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4.2 out of 5 stars
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4.2 out of 5 stars


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on 20 March 2016
Leonard Bernstein (1918-1990) - often called "Lenny" - made many memorable recordings for Deutsche Grammophon. This contract started in 1972 with Bizet's "Carmen" and finally stopped in 1990 with posthumous CD release "Bernstein's Final Concert". Between these years Bernstein made hundreds of recordings and received some Grammy Awards.
This deeply personal and emotional Tchaikovsky's Sixth is surely one of the best recordings on the market. Bernstein's tempi were mostly very slow. He tried to reach the atmosphere of the first performance in St. Petersburg in 1893. For example, the total time of the famous "farewell" finale was over 17 minutes! But this decision wasn't a disappointment. Highly recommended!
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on 15 February 2014
Did I need another cd of this work? Yes, when it is this one. It is controversial. it is so very different. Does the infamy heaped on Bernstein's spaciously conceived final movement bring the work crashing around his and our ears? I have several sets of the symphonies in my collection and this is a recording I could not be without. It holds together. Ok so it is the longest final movement in recordings of this work but it is mesmeric and overwhelmingly intense. Not every conductor and orchestra could hold this together over such a span. where some hear Lenny the showman, I hear Tchaikovsky ...almost in a revealing way as if I had never heard the piece before... Genius is a much paraded term but I find that this is a genius conducting allowing me to hear something fresh in an established classical work that I thought I knew so well. This is the reason I buy different recordings of the same piece and go to concerts in the hope of connecting with something new. This is a highly desirable disc if you are prepared to be challenged.
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on 29 October 2014
Late Bernstein, as conducter, is unique. By adopting very slow tempi in pieces of the late Romantic period, he squeezes out every possible expressive potential inherent in the music, and no doubt adds further interpretative nuances of his own.
The DG cover shows a snow covered landscape, lit by a pale winter sun, extending to infinity. Visual association or no, the bassoon entry at the beginning of the work seems to come from an infinite distance. The acoustic space seems endless, the recording is beautifully spacious and seductively lit. This recording was made in Avery Fisher Hall, not a recording venue known for its distinguished acoustics, so it must have been Bernstein's sense of instrumental balance that produced such luminous sound.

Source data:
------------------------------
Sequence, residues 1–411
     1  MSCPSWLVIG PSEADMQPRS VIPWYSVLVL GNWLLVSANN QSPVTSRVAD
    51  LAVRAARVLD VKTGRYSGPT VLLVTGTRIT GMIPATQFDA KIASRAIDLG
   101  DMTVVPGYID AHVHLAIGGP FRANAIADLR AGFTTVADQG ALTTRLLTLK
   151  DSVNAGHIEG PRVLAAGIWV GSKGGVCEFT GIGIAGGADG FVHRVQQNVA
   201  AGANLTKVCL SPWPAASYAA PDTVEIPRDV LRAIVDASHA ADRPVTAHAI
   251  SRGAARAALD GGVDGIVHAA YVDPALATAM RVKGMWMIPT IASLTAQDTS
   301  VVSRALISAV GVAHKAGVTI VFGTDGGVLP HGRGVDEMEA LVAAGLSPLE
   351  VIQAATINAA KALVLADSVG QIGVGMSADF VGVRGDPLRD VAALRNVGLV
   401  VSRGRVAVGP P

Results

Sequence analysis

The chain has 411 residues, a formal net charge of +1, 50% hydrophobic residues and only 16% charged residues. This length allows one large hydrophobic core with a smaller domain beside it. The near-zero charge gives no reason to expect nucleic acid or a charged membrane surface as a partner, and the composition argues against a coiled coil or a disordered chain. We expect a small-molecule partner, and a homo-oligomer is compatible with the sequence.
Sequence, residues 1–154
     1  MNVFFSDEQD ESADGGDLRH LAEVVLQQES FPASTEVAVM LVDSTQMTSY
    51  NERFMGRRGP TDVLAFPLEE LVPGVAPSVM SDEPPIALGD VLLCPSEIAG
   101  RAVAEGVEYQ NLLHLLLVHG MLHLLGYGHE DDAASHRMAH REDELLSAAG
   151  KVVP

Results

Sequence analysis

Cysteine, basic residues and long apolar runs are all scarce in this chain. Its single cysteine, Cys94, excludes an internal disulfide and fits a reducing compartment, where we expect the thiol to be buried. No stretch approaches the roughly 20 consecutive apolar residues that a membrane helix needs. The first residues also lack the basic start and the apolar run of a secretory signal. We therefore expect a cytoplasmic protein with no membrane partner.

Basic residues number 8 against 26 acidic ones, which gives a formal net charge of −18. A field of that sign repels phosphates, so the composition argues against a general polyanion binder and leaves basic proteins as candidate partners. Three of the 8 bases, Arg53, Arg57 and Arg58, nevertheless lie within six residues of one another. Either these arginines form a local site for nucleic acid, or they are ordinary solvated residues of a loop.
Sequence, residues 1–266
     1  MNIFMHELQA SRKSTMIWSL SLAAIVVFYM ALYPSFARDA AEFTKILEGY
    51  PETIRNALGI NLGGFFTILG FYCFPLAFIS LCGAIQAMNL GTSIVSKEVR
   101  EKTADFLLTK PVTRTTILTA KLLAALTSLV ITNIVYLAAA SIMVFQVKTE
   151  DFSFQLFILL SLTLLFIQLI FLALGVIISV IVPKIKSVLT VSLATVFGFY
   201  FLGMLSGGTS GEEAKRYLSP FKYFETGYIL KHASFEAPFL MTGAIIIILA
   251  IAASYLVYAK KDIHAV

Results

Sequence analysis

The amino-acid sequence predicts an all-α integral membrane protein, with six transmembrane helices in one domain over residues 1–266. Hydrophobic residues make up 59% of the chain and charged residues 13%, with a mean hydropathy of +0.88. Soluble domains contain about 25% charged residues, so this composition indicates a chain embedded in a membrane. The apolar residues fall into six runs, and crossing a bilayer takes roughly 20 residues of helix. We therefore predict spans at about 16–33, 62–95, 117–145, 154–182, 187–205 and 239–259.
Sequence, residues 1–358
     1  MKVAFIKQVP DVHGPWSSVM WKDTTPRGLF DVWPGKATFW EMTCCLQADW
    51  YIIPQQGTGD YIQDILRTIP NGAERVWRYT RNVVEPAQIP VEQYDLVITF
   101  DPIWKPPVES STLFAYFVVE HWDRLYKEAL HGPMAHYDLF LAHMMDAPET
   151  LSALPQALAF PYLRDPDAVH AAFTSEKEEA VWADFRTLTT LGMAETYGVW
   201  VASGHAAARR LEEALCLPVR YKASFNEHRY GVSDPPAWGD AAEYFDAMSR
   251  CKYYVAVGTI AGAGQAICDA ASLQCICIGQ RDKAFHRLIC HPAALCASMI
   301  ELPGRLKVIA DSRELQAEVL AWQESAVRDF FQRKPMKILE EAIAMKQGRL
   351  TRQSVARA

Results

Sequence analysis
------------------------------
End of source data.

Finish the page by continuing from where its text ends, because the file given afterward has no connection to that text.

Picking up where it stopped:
The performance is slow, which enhances the feeling of infinite space (Celibidache is even slower than Bernstein in the first movement development, but Celibidache wasn't concerned with sonic magic). By using very slow tempi, especially in the coda to the finale, the finale has been utterly transformed into something extraordinary moving.
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on 1 February 2016
Yes, this is the (in)famous one with the 17 minute last movement ....

I first heard this recording when it was initially released, but my younger self could not reconcile Bernstein's vision with the performances that I was more familiar with, namely Mravinsky/Leningrad PO and Karajan/BPO/1977 (both DG). The chance to revisit this performance many years later was therefore too good an opportunity to pass up and I wondered how my older, if perhaps not much wiser self, would react to it. Yes, it is slow, the outer movements especially, but Lenny is his final years could often be quite inspiring and different, even if there were some notable misfires like the Sibelius Second from Vienna and the Mahler Ninth from Amsterdam. The Dvorak New World Symphony with the Israel PO is a mixed bag of a performance but one that contains a very special slow movement indeed, so worth anyone's time seeking out and listening to, if only for just the once.

I think this "Pathetique" just about falls into the latter category too. It is very well played by the NYPO with full and rich sound from DG. The first movement is about 5 minutes longer than usual, the last (at around 17 minutes), some 7 minutes longer than the norm. Even the third movement March is slightly slower than we are accustomed, making it sound more effortful than usual - perhaps that was the intention, for Bernstein makes no attempt to hide the fact that he views this work as an "act of dying", a bit like his view of the Mahler Ninth Symphony. This is all wrong of course. Tchaikovsky wouldn't have known this was to be his last symphony when composing it. There were no ominous man dressed in black commissioning a work about death, as with Mozart; nor was there the ill health and very obvious tragic events which blighted Mahler's later life either; but I suppose it's another view of a masterpiece.